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Reviewing Beethoven's Fifth

Let's go back to the Beethoven's Fifth Symphony theme and analyze the particulars of the melody as written in RTTTL. Here's the theme in RTTTL again:

fifth:d=4,o=5,b=63:8P,8G5,8G5,8G5,2D#5

Now that we have discussed the particulars of the RTTTL format, this string should have more meaning:

  • The name of the melody is fifth.

  • The defaults settings are as follows:

    • Quarter-note default duration (d=4).

    • Default octave of 5 (o=5).

    • Default tempo of 63 beats per minute (b=63).

Now let's look at the melody:

8P,8G5,8G5,8G5,2D#5

The melody begins with an eighth note rest (8P), followed by three eighth notes of the pitch G, in the fifth octave (8G5), and ending with a half note of E flat in the fifth octave (2D#5).

NOTE

Wondering why I say that D# is E flat? Look again at the staff notation for the Fifth (see Figure 14). The pitch is written as E flat. The Fifth Symphony is composed in the key of C minor. In the key of C minor, the third pitch in the scale is E flat, not D sharp. In fact, theoretically there isn't any D sharp in the key of C minor. Thus, I use the RTTTL D# notation to generate the sound, but musically the note is E flat.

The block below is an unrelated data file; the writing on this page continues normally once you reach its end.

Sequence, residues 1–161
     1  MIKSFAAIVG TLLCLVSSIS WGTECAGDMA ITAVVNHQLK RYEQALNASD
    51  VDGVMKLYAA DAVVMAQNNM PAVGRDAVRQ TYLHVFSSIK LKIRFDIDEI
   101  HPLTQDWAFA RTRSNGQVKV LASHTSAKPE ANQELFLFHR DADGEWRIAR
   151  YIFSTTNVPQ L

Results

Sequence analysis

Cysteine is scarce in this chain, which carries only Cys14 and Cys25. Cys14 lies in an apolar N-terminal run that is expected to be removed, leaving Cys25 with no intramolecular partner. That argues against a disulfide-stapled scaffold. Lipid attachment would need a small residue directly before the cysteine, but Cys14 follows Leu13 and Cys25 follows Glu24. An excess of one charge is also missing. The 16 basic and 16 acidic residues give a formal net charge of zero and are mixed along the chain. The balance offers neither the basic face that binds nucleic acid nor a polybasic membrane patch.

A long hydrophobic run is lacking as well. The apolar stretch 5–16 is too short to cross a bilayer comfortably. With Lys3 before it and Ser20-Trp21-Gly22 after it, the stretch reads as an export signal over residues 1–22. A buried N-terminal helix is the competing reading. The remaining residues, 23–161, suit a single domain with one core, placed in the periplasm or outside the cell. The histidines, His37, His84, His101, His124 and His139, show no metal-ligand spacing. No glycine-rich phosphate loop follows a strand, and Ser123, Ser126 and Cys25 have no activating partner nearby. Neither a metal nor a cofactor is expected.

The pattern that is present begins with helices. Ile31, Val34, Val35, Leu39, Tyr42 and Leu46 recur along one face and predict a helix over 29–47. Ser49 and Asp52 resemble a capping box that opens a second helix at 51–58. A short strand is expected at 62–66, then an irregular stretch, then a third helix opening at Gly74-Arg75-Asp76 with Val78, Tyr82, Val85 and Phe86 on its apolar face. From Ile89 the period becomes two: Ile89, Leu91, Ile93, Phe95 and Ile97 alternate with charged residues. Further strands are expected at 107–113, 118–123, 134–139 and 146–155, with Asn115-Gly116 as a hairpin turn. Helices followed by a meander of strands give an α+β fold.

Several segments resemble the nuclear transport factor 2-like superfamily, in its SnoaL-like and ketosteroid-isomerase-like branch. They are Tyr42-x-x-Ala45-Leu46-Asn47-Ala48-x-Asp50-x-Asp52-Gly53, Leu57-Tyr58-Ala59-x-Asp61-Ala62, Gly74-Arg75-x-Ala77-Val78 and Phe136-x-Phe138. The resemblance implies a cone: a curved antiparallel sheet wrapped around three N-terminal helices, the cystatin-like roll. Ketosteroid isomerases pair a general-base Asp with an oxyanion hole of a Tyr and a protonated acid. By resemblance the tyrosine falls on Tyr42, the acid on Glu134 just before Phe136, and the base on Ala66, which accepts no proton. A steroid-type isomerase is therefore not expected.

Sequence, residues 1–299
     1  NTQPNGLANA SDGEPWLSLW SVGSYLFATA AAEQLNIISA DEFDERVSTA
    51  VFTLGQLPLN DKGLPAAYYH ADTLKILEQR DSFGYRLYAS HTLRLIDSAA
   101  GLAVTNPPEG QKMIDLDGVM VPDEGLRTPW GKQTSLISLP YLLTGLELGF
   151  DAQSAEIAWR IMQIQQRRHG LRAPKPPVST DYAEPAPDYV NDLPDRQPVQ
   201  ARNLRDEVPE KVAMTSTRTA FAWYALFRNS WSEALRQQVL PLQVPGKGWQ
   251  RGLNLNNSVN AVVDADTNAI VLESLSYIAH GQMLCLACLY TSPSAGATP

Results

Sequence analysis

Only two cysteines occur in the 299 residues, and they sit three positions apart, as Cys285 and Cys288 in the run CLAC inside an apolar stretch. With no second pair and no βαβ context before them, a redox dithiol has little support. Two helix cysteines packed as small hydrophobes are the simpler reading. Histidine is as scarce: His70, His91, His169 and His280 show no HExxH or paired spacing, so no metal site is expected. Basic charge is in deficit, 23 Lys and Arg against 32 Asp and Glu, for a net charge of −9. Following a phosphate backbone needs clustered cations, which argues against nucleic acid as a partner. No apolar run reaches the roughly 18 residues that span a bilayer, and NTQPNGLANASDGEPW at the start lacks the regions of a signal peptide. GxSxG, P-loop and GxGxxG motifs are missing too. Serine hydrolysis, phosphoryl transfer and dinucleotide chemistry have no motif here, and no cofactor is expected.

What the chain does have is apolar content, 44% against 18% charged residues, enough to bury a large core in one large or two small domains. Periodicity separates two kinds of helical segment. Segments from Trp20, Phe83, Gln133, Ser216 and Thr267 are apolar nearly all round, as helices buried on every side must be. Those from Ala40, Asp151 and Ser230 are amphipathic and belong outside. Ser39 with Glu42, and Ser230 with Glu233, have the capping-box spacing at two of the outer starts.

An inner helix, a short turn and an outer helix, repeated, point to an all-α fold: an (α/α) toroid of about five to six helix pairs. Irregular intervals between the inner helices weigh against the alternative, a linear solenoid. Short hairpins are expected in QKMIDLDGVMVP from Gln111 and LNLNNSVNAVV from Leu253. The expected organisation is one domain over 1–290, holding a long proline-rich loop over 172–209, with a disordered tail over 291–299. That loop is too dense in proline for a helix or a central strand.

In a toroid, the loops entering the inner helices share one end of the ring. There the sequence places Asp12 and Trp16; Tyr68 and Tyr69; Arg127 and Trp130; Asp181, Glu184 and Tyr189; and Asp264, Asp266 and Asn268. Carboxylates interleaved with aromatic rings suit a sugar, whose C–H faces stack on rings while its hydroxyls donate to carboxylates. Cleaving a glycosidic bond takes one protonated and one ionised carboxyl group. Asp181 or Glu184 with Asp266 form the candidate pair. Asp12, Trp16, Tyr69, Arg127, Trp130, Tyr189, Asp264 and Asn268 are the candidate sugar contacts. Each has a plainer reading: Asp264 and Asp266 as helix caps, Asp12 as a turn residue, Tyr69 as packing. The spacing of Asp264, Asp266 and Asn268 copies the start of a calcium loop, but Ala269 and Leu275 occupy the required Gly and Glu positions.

Figure 14Figure 14 Here's the opening theme from the Fifth again.

NOTE

Yes, I agree that this is a confusing idea and only makes sense if you understand the theory behind keys and scales. And, as I said earlier, naming pitches according to the scale in which they occur has confused elementary music students since day one. After all, who cares what you call the pitches in "Whole Lotta Love"? The important thing is that it sounds cool, right?

With regard to starting the melody with an eighth-note rest (8P), such a beginning creates a question that has perplexed musical scholars since Beethoven wrote the piece. Why start a piece of music with a rest? Why not just start it? Beethoven was no dope, and certainly not sloppy when it came to publishing his music. He must have had a reason for doing this. But, sadly we will never really know. We can only imagine. Such is the virtue of great music: It makes you think every time that you get near it.

Anyway, back to RTTTL.

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